What Is “Goju Ryu”?

The philosophy of Goju-Ryu is one of balance and harmony. Not surprisingly, this is similar in fashion to that of Asian philosphy. As there is night, there is also day. As there is fire, there is also water. As there is dark, there is also light. The founder of our style, Grandmaster Chojun Miyagi, created Goju-Ryu by following similar precepts found in the Chinese martial arts. “Go” means to be hard or resilient, while “Ju” means to be soft or yielding. In this way, Goju-Ryu is the school of “hard/soft.” While this philosophy applies to the technical and physical aspects of Goju-Ryu, it is also the underlying feeling. In the study of Goju-Ryu, we hope to attain balance and harmony not only in our practice, but also in our mind, body, and spirit.

The History of Goju Ryu

The history of Goju-Ryu is one that is routed in the form and style that Grandmaster Chojun Miyagi founded, but our history does not stop simply with the founding of the style. Goju-Ryu traces its origins back to the island of Okinawa where there had only been three styles of karate. These styles were Tomari-Te, Shuri-Te, and Naha-Te. Over time Tomari-Te and Shuri-Te were combined into one school of training known now as Shorin-Ryu, while the style of Naha-Te remained in its form and became known as Goju-Ryu. Though it may appear as if Goju-Ryu has not changed greatly over time, the evolution and changes of the style are interwoven with the history of the masters of Goju-Ryu.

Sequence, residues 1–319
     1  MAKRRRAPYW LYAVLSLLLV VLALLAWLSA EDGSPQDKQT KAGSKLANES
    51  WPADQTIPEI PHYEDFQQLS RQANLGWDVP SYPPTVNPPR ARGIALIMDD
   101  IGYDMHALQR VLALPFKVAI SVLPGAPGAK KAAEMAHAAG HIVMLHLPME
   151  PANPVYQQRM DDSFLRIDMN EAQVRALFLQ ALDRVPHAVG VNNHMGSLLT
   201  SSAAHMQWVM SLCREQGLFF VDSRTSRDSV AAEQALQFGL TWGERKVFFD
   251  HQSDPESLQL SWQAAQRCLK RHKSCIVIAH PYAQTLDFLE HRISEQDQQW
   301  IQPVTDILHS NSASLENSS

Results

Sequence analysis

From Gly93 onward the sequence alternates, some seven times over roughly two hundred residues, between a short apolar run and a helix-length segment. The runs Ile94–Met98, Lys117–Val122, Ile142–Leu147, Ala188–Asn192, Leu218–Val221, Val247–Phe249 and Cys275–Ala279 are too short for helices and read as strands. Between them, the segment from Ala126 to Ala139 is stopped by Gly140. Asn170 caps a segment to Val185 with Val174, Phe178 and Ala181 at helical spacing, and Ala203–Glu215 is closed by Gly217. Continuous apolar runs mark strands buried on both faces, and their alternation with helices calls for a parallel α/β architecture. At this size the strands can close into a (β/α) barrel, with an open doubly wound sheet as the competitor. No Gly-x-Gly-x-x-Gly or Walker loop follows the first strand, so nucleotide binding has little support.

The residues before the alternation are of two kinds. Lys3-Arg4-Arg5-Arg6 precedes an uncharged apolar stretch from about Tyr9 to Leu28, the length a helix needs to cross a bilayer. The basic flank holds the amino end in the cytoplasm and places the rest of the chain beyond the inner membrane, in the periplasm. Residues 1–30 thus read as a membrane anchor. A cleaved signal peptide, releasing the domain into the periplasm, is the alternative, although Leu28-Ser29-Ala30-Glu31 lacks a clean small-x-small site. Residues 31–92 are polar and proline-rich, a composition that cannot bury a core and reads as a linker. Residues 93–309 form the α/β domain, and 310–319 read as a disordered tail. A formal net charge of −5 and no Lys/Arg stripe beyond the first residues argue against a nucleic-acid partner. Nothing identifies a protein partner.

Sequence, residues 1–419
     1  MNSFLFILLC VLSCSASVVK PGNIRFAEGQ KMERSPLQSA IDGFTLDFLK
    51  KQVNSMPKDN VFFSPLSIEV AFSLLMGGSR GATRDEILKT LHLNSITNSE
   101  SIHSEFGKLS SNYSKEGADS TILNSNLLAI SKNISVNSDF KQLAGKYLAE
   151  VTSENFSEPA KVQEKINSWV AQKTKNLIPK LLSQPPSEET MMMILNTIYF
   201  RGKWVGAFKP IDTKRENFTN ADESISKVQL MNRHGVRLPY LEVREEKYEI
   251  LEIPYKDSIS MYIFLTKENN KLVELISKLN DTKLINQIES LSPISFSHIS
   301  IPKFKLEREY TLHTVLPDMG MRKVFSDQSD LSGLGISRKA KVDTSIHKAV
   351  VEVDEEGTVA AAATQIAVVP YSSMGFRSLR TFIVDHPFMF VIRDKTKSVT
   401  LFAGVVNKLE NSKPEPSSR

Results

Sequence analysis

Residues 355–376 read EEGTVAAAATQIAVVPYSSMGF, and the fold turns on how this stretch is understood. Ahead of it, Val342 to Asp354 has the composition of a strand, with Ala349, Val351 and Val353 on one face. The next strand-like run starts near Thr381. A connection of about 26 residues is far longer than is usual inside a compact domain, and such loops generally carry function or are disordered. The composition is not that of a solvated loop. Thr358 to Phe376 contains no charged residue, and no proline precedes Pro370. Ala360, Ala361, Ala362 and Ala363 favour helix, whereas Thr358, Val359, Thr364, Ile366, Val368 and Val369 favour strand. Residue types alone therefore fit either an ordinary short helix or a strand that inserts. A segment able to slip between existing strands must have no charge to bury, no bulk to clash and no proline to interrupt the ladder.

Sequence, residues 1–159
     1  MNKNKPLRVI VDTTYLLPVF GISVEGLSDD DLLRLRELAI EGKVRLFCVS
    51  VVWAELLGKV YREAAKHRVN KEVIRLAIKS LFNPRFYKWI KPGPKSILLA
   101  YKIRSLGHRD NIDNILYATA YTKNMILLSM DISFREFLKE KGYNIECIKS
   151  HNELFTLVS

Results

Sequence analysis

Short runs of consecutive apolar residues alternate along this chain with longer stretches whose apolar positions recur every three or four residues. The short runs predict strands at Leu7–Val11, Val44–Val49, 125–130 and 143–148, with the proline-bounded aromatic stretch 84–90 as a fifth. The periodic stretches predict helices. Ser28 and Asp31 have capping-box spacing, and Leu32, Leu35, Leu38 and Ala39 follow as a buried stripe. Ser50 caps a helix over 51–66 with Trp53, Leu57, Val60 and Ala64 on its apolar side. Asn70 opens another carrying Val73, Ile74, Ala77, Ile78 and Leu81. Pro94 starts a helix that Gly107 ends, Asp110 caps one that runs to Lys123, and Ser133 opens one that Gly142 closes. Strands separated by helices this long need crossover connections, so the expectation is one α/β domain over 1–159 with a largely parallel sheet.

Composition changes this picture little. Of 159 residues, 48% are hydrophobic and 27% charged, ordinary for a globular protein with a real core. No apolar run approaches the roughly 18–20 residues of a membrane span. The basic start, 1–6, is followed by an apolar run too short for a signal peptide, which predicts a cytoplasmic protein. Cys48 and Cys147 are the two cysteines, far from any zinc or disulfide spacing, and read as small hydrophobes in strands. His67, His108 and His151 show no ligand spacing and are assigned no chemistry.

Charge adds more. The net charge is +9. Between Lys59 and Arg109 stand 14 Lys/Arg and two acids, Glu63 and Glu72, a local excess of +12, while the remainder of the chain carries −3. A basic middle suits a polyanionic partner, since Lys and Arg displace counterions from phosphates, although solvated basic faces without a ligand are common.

During his time teaching in Okinawa, Grandmaster Kanryo Higaonna began the instruction of the then 14 year old Chojun Miyagi. Though his training was severe just as it had been for his instructor, Chojun Miyagi practiced with a spirit that would not be matched by other students. Because of this, he became “uchi deshi” or private disciple to Kanyro Higaonna. He studied the art of Naha-Te for up until Kanyro Higaonna’s death in 1915. Chojun Miyagi traveled to China, as his master had done, seeking more knowledge. While back in Okinawa, he sought to spread Naha-Te across Okinawa and mainland Japan. One of the ways in which the spread of knowledge was possible was because of Chojun Miyagi’s structuring of Naha-Te into a discipline which was easier to teach society as a whole. In 1930, Naha-Te was given the name Goju-Ryu after one of his students had been asked about the name of the style he learned from Chojun Miyagi. The name comes from “Ho Goju Donto” or the way of inhaling and exhaling is hardness and softness.

The development of Gōjū-ryū goes back to Higaonna Kanryō, (1853–1916), a native of Naha, Okinawa. Higaonna began studying Shuri-te as a child. He was first exposed to martial arts in 1867 when he began training in Luohan or "Arhat boxing" under Arakaki Seishō, a fluent Chinese speaker and translator for the court of the Ryukyu Kingdom.

Today we see Goju Ryu in many countries all over the world and the styles taught from Dojo to Dojo vary very little from Shojun Miyagi's original teachings.